Depending on where you are in the world, you might currently be enjoying springtime. Here in Edinburgh the days are already so much longer and lighter, nearly all the trees are in bud if not in leaf, and seedlings are sprouting all over the place.
What impact does all this activity, new life and energy have on you? Does it give you some extra get up and go, are you getting round to doing things that had only been a plan so far this year? Does the optimism of nature around you make you feel optimistic too? Maybe the long winter of slowness was just right for you to compost, and with the sunshine, higher temperatures and activity all around you, you are bursting with energy yourself!
Or have you been taken by surprise by some feelings of melancholy and fatigue? Maybe you can’t find any spring in your step, and are feeling sad, heavy or low. The German language has a word for this feeling:
It means ‘Spring Tiredness’ – and there’s even a Wikipedia page about the feeling – find it here: https://en.wikipedia.org/wiki/Springtime_lethargy
As well as feeling uncomfortable, you might also be wondering what’s going on with you. It might not seem to make sense: you’ve been waiting for spring through the dark, cold winter months, and maybe there were things you were looking forward to. But now it’s here, none of those things seem appealing. Feeling low wasn’t part of your spring plan for yourself. As well as this mismatch between the nature around you, it might also be quite lonely to feel sad at this time of year. It’s ok to share how hard winter is emotionally, but there isn’t much open talk about any negative feelings in springtime.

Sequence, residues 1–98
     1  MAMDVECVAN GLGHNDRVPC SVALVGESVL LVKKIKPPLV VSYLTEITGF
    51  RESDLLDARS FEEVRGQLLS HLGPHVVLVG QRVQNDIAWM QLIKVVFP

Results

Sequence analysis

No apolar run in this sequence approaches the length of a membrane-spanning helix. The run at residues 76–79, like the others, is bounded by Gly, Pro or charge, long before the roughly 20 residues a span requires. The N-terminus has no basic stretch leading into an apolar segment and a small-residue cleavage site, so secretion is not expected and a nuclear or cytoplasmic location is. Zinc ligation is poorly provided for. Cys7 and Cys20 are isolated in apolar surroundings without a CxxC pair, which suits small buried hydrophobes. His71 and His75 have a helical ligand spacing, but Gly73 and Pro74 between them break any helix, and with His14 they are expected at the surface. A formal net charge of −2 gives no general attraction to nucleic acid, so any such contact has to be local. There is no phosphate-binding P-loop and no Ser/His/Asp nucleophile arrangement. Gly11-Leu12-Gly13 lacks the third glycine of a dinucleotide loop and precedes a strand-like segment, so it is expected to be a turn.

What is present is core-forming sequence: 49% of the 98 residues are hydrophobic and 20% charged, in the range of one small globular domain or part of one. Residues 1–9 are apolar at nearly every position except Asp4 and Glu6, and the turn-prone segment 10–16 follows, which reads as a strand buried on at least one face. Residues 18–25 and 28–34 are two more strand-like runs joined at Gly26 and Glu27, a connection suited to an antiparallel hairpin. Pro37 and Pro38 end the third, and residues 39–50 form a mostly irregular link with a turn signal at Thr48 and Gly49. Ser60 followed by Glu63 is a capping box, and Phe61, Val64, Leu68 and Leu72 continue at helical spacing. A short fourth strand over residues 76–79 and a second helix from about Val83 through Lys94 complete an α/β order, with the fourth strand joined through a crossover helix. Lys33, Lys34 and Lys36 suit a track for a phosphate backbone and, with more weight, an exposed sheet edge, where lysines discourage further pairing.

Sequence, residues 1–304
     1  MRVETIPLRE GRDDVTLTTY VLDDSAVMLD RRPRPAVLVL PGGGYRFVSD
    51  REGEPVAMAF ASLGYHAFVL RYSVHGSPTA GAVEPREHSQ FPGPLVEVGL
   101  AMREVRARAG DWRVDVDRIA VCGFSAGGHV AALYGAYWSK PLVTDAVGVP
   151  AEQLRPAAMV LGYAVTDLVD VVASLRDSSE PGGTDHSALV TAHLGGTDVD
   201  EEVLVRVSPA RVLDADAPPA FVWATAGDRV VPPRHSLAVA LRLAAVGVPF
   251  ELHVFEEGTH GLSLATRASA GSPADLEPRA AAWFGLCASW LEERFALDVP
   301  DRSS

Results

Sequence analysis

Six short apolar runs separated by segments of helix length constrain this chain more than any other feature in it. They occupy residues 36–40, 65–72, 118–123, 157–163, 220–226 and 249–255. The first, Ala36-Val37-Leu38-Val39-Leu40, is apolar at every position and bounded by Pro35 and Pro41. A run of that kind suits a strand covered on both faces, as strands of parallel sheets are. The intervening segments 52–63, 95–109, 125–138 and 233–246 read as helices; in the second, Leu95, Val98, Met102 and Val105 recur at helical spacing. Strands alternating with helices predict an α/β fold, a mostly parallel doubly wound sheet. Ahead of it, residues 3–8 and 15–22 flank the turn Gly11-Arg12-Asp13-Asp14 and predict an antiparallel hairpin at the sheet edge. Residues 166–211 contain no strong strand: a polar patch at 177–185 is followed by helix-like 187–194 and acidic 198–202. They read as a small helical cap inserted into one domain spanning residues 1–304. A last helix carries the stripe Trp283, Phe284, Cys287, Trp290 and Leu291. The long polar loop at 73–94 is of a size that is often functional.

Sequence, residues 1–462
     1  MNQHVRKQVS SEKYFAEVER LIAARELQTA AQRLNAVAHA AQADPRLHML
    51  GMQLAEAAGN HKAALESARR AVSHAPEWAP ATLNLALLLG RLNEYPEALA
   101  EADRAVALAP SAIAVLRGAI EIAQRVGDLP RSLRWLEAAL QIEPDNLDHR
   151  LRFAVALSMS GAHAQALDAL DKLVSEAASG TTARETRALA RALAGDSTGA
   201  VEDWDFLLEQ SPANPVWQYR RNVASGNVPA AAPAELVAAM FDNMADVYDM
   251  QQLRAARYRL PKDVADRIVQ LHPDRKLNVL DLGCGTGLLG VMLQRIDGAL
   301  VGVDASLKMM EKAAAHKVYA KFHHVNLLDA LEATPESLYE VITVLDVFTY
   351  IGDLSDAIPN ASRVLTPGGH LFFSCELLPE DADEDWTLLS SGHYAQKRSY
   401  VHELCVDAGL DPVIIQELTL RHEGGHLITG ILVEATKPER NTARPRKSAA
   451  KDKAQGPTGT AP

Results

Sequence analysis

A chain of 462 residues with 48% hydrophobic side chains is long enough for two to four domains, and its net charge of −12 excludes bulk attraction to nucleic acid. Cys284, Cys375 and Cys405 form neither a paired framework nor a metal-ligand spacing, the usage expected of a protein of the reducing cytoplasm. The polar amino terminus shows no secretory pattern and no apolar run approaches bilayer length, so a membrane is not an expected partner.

So, what to do if you are experiencing something like ‘spring tiredness’? If you know what activities often help you to feel better, it might be worth trying one or some. But you might not feel up to this. Talking to someone often helps, perhaps there’s someone you could call. If you don’t feel like speaking to a friend, then google organisations near you that have a free telephone listening service.
If you are feeling low or sad, or something like that, it might be familiar to you – maybe from other spring times, maybe from other times. When you read about ‘spring tiredness’, you might recognise your own experience, or you might realise that your experience in fact is something different. You might want to work through these feelings with a counsellor, a trained professional who’s there alongside you.
Whatever you decide to do, always remember to treat yourself softly and gently, and to speak to yourself in the kindest way you can.